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People v. Quick

NOVEMBER 22, 1974.




APPEAL from the Circuit Court of Christian County; the Hon. GEORGE KASSERMAN, Judge, presiding.


Defendant, Michael B. Quick, was originally indicted for murder, but after protracted plea negotiations, this charge was dismissed and his plea of guilty to a complaint charging voluntary manslaughter was accepted by the Circuit Court of Christian County. Following the submission of a presentence report and an extensive hearing in aggravation and mitigation, the court imposed a sentence of 5 to 15 years in the penitentiary. The length of the sentence was not included in the plea negotiations. In this appeal defendant contends that the trial court erred in determining there was a factual basis for the plea contrary to Supreme Court Rule 402(c) (Ill. Rev. Stat., ch. 110A, par. 402(c)), and, in the alternative, it is argued that the sentence was excessive.

Using the language of the statute (Ill. Rev. Stat., ch. 38, par. 9-2(b)), the complaint charged that defendant committed the offense of voluntary manslaughter, stating that:

"* * * without lawful justification, [he] did knowingly kill John Young, by shooting him through the head with a gun and that at the time of the killing he believed the circumstances to be such, that if they existed, would justify or exonerate the killing, but his belief was unreasonable * * *."

The language of the statute is as follows:

"(b) A person who intentionally or knowingly kills an individual commits voluntary manslaughter if at the time of the killing he believes the circumstances to be such, that if they existed, would justify or exonerate the killing under the principles stated in Article 7 of this Code, but his belief is unreasonable."

Prior to accepting defendant's plea the trial court admonished defendant relative to his constitutional rights, and over 70 pages of the record are devoted to a report of these proceedings. The court read the complaint to defendant and also the statute upon which it was based. He called attention to the fact that defendant was being charged with shooting the victim believing that under the circumstances he was justified, but that such belief was unreasonable. He was asked if he understood that, and he replied that he did. He was asked further if he understood under what circumstances a person may use force and what those circumstances were. Defendant replied, "Where you believe that you may be in great bodily harm." The court then stated that the State was charging that even though he may have believed the circumstances justified the use of force, the force used by defendant was not justified and that, therefore, the killing constituted voluntary manslaughter. Defendant again admitted that he understood this and that it was clear in his mind. On further inquiry the defendant again admitted that the voluntary manslaughter to which he was pleading involved the unreasonable use of force, and that having been charged with murder and having negotiated a plea to voluntary manslaughter with the murder charge being dismissed, it would be quite remarkable if he did not understand what he was doing. The defendant also agreed to this.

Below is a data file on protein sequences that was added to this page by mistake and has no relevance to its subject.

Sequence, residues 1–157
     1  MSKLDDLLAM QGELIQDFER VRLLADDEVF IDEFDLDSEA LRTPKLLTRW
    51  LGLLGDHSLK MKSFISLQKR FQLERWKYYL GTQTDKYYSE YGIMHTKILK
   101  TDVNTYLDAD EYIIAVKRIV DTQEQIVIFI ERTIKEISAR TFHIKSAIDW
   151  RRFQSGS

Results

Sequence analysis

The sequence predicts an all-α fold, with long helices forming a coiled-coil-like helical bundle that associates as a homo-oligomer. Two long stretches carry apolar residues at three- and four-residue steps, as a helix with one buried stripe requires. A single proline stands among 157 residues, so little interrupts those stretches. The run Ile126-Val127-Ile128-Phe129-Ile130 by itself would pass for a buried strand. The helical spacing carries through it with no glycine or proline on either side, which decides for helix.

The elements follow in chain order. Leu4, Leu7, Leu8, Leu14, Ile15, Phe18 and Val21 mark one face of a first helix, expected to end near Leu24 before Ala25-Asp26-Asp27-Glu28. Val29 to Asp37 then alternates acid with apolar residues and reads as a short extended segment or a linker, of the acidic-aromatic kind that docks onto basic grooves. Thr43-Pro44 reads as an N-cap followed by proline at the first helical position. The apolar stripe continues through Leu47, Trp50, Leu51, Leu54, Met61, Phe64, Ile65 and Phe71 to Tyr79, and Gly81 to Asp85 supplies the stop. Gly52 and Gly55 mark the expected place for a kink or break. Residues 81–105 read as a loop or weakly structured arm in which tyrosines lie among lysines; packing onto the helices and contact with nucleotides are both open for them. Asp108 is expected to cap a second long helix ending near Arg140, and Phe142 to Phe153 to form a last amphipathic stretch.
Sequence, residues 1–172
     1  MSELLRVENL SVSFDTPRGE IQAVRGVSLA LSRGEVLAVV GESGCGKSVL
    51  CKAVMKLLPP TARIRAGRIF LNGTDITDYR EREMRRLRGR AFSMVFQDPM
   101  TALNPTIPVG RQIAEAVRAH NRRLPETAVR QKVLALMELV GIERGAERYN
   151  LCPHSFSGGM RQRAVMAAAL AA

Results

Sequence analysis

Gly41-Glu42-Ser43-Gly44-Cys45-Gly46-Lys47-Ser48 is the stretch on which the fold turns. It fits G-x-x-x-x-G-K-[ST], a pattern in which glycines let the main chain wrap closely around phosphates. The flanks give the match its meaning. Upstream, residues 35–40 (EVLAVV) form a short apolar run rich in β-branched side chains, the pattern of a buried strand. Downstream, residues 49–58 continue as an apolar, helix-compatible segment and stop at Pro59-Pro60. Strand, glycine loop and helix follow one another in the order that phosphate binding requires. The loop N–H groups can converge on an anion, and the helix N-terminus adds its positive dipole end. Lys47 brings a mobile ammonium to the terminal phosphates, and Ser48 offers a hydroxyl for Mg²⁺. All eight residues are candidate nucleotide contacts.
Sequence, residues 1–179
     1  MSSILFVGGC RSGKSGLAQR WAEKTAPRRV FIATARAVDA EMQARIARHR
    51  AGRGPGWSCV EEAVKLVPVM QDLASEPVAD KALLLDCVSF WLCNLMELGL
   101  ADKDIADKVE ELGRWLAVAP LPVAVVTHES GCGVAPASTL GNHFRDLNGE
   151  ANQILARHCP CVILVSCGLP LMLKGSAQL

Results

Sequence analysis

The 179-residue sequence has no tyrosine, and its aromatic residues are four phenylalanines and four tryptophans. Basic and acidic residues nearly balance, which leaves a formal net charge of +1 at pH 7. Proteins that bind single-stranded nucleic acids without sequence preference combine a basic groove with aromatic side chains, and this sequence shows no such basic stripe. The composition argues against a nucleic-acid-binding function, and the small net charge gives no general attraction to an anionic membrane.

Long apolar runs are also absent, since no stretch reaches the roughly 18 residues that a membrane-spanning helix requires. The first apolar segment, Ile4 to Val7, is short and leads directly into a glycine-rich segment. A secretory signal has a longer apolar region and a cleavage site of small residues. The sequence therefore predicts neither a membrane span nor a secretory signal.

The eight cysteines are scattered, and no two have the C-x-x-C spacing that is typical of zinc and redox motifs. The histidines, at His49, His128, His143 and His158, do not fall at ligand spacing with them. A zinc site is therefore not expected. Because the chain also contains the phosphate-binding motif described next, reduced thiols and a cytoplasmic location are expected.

Thereafter, at the specific request of the court that a factual basis be established for the plea, the State presented the testimony of two police officers. Testifying from the facts related to them by defendant after his arrest and in his confession, they stated that defendant had known John Young for some time, that he had suggested to defendant that they could make a large sum of money in a scheme to sell stolen cigarettes, and that defendant was needed because he was a truck driver and could drive the truck. Defendant had been leery of the scheme but finally, on Young's insistence, he agreed to go with him to the Rosebud Cafe in Pana where the truck was scheduled to arrive. Before leaving, however, defendant had a "certain feeling" similar to those he had experienced during his tours of duty in Viet Nam — that there would be danger — so he took a hand gun out of his own car and put it in his belt.